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UPS Inc. has requested an exemption from a federal regulatory requirement that its driver training instructors have two years’ minimum experience as trainers and have held a commercial driver license for at least two years, the Federal Motor Carrier Safety Administration announced June 19.
UPS, the nation’s largest fleet, said that without the exemption, it would not be able to use at least one of every four currently certified instructors when the training and experience requirement, part of FMCSA’s Entry Level Driver Training rule, goes into effect in February. The requirements also could impact the carrier’s ability to meet the demand for new drivers, UPS said.
In its exemption request, UPS said its schools have trained hundreds of driving instructors, many who did not have previous CDL experience.
“UPS driver training school instructors have, on average, 20 years of UPS experience, hold a CDL of the same or higher class and all the endorsements necessary to operate a CMV for which training is required,” according to the Federal Register announcement. “Additionally, all UPS driver instructors are required to be recertified every 90 days to demonstrate the same skill level shown for their original driver training school certification. UPS further performs internal quality assessments to validate that instructor skill sets are maintained throughout the organization.”
However, FMCSA said that according to UPS, under the new Entry Level Driver Training regulation, no one could be an instructor at the time the regulation goes into effect unless they obtained a CDL and had begun driving by Feb. 7, 2018, or earlier.
“UPS states that if it must comply with the instructor qualification requirements in the ELDT rule, it would not be able to use 25% of its current certified driver instructors, at minimum,” the announcement said. “Looking ahead two more years, that number would likely increase to 50% due to its changing workforce.”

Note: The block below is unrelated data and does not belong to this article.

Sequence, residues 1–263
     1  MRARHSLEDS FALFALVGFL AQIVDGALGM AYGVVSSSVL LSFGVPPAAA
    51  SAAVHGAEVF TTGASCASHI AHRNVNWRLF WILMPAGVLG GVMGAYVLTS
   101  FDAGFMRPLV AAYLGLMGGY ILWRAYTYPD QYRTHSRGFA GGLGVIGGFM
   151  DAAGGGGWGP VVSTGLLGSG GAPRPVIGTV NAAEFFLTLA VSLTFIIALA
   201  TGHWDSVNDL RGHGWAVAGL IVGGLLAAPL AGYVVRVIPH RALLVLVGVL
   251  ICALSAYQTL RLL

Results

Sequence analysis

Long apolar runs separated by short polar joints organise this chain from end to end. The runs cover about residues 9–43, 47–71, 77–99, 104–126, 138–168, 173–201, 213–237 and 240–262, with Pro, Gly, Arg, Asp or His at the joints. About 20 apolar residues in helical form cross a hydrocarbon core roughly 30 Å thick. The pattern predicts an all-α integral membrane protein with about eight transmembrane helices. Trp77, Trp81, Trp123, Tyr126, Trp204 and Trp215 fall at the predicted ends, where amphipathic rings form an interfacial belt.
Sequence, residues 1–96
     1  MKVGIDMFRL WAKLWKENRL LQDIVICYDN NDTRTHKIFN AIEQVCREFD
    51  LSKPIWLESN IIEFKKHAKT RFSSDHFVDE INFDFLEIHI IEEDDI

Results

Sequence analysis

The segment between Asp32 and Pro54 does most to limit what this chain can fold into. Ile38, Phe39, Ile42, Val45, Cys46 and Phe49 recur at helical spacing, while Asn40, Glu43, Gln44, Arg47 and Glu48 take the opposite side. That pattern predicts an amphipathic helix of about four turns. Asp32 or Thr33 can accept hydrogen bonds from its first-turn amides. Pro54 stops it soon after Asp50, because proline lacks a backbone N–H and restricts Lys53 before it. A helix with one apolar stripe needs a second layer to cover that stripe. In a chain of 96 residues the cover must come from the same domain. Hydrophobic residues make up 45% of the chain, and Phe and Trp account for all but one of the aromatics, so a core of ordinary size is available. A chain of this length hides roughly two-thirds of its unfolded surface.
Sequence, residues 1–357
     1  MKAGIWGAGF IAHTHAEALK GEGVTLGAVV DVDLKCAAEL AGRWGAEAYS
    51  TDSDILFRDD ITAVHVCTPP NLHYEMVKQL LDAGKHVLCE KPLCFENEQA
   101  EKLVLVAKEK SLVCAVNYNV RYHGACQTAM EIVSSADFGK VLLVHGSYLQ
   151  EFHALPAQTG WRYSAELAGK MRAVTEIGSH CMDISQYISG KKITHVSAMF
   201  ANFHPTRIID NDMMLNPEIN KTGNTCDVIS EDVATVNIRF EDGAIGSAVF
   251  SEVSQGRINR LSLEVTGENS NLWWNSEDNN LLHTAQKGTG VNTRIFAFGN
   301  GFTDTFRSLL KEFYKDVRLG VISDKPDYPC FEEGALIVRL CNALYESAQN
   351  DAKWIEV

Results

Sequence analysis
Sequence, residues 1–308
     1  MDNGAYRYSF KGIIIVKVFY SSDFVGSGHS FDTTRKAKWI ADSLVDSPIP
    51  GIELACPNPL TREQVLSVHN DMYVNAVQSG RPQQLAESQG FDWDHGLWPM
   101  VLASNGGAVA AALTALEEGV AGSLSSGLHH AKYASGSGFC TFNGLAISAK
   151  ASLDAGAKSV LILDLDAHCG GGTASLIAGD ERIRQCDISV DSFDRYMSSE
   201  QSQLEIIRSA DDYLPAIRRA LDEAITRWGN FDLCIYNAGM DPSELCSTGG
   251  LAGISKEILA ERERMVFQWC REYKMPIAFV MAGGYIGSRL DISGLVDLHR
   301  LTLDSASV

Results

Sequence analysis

Also, without an exemption from the trainer requirements, UPS said its inability to use its current driver instructors will “impede substantially its ability to meet the demand for new drivers.”
“UPS adds that the exemption also is needed to meet union contractual requirements, as under its collective bargaining agreement with the International Brotherhood of Teamsters, six current UPS employees must be provided with a promotion opportunity for every new hire,” the announcement said.
When reached for comment, a UPS spokesperson offered this statement: “UPS’ driver training and trainer certification is of the highest quality in the transportation industry. Our certification processes and training prerequisites have resulted in one of the best driving records in the industry. The company has more than 10,000 drivers who have driven 25 years or more without an avoidable accident, which proves that UPS driver training is thorough, effective and replicable. UPS training meets or exceeds what the FMCSA is ultimately striving to accomplish: superior training and safer drivers.”
UPS also asked for an exemption from the requirement that it register each training location for a “unique Training Provider Registry number.”
UPS said it needs the location exemption due to the significant administrative burden that would result if it had to register every UPS location at which a new driver could be trained.
“In addition, having separate TPR numbers for multiple locations offering essentially the same training could create internal confusion for UPS, drivers and the agency,” the announcement said. “UPS new driver training may occur at as many as 1,800 separate locations a year. UPS estimates that the cost to register all of these locations would be substantial and that it would incur additional costs to keep track of the various registrations, file updates and new driver registrations.”
FMCSA said it will accept comment on the UPS exemption request through July 19.
UPS ranks No. 1 on the Transport Topics Top 100 list of the largest for-hire carriers in North America.